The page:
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Riverboat cruising, not just for Europe anymore.

When most people think of river cruises, rivers like the Danube, Rhine, and Douro come to mind. Of course, those are in Europe. But here in the United States, there are wonderful river cruises on the Mighty Mississippi, The Ohio River, The Columbia and Snake Rivers, and several others, including the Great Lakes that are only a short drive or flight away. Let's explore the many options and destinations on a few of them.

Let's talk about what a river cruise in North America is.

First, it is a boat, not a ship. Ships, by definition, are ocean-going vessels, while vessels built for rivers and lakes are called boats.

Seasickness is not a problem due to the gently flowing rivers. There is no movement from side to side and no undue rocking.

The boats are small enough that the elaborate long piers needed for the mega-ships are not required for a river cruise boat to cozy right up to a dock very close to the heart of the town.

When getting off the boat, one can experience the wonders of the town with the included excursion, hearing about the history and accomplishments of the area or if one desires, explore the location on their own, making sure to be back on board by the time the boat is scheduled to leave.

Since riverboats are smaller, the average number of passengers is about 225, with some as small as 100 and none with more than 400 passengers per sailing.

The accommodations on some cruise lines include some inside cabins, while many have standard rooms and suites with balconies to be able to see the beautiful scenery as the boat glides down the river. Some cruise lines have accommodations that have a historic Victorian-era motive, while others are more modern with their decorations. There are even some cruises that have solo passenger accommodations without having to pay for double occupancy.

Also, like European river cruises, North American cruises include all meals with wine, beer, and soft drinks at dinner. Some cruise lines even include wine and beer with lunch and a free cocktail hour before dinner with a full bar!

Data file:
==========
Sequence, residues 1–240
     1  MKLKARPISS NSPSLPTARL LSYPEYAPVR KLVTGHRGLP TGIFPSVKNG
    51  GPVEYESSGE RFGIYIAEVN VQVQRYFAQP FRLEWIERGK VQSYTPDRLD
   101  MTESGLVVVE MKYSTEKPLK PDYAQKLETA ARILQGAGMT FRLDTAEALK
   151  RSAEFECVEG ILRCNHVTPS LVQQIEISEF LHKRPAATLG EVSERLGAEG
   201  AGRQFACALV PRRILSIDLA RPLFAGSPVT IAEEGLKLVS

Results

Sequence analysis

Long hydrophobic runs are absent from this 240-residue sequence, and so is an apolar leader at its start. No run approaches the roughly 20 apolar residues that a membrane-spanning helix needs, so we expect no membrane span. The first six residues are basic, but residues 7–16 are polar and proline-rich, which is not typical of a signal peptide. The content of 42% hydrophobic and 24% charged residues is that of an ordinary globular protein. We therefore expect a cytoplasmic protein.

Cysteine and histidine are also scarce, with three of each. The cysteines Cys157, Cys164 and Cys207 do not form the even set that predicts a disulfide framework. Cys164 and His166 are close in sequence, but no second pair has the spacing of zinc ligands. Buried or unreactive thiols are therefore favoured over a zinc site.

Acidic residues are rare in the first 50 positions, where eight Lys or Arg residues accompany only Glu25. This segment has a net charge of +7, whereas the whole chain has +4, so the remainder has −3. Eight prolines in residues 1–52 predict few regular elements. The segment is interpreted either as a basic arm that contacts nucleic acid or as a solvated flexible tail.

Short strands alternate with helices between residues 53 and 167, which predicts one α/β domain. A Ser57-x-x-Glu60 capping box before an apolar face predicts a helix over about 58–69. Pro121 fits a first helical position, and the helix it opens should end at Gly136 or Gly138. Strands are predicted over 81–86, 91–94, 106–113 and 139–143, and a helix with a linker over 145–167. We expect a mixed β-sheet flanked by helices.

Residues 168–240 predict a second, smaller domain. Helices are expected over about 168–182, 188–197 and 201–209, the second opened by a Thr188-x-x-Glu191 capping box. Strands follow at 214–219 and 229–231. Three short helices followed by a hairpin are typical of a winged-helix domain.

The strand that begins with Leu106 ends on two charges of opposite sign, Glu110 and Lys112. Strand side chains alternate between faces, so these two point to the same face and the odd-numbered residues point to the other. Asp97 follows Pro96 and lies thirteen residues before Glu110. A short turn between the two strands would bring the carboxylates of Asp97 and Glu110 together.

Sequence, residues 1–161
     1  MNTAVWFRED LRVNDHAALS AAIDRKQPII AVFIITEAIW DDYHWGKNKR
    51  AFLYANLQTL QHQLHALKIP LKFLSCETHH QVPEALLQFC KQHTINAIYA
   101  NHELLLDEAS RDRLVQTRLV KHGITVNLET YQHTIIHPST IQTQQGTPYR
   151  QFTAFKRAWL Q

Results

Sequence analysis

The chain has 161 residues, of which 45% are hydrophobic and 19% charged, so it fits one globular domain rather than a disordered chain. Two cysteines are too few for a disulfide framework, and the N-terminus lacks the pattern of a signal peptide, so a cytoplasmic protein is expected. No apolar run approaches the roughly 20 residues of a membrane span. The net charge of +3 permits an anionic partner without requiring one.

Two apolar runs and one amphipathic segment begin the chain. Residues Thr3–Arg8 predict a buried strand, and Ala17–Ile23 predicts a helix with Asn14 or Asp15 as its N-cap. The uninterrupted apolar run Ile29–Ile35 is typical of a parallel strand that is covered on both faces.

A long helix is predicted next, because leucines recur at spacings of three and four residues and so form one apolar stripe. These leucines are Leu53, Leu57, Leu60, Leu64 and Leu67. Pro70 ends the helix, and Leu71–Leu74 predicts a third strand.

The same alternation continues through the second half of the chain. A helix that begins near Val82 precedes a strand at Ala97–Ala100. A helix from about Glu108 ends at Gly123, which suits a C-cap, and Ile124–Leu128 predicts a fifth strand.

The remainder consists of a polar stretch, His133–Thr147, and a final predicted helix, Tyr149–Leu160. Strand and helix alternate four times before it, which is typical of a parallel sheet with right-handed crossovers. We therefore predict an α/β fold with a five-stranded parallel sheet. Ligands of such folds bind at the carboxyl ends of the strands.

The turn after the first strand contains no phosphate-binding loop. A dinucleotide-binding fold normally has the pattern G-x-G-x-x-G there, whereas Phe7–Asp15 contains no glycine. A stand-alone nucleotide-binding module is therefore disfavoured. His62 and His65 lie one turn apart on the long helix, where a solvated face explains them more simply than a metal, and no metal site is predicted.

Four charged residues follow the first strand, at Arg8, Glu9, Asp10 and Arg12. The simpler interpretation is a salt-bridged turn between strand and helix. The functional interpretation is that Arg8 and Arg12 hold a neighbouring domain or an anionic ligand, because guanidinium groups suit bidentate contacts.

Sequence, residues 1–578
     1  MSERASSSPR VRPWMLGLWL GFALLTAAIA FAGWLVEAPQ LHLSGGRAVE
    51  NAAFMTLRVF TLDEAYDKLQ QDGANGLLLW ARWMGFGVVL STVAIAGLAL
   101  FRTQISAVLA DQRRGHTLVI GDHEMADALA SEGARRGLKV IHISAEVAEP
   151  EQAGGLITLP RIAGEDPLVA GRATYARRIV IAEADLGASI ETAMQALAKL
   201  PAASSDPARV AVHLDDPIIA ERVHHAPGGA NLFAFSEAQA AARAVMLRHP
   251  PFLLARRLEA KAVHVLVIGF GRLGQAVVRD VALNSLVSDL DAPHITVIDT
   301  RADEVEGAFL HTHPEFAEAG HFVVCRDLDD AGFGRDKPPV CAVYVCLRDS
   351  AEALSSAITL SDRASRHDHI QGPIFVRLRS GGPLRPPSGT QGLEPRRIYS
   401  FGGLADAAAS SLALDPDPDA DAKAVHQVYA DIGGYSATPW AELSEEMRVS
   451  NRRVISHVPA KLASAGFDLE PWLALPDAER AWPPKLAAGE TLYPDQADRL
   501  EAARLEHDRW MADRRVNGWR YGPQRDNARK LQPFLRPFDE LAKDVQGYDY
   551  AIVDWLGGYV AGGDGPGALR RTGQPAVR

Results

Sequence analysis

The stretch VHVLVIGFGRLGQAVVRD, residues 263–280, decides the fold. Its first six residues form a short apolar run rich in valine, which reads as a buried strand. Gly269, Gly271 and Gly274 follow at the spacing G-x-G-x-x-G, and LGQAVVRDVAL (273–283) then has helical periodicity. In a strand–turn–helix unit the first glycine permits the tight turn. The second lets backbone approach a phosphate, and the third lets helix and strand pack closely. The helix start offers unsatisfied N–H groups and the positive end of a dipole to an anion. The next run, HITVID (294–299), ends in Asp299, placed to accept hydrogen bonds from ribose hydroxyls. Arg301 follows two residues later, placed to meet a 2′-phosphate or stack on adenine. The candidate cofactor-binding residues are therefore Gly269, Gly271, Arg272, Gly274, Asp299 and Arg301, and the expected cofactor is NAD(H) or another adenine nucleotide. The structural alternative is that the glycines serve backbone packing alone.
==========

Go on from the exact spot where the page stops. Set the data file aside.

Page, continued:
The meals are often regional dishes with ingredients sourced locally. Menu items can be jambalaya and creole if in Louisiana; Dungeness Crab Cake and Salmon in the Pacific Northwest; Maine lobster, shrimp, and clams in New England; Pork Scaloppini, Swordfish steak, Red Peppercorn Polenta, and Shrimp-Corn Macque Choux in the Southeast. These aren't the only items on the menus; there are many choices for every palate and diet available; all served in a luxurious setting.

A North American river cruise is much like a floating hotel with amenities such as 24hr room service, complimentary Wi-Fi, private bathrooms, private balconies, onboard historians and naturalists (often known as Riverlorians) and evening entertainment such as music and dancing.

Looking for a unique way to explore the United States in style? A North American river cruise is exactly what you are looking for! Passports are not required. (unless you are traveling on a cruise that has stops in Canada) The slower pace and intimate settings allow the traveler to experience the many jewels in each and every town along the route. It is one of the best ways to see America in luxury!

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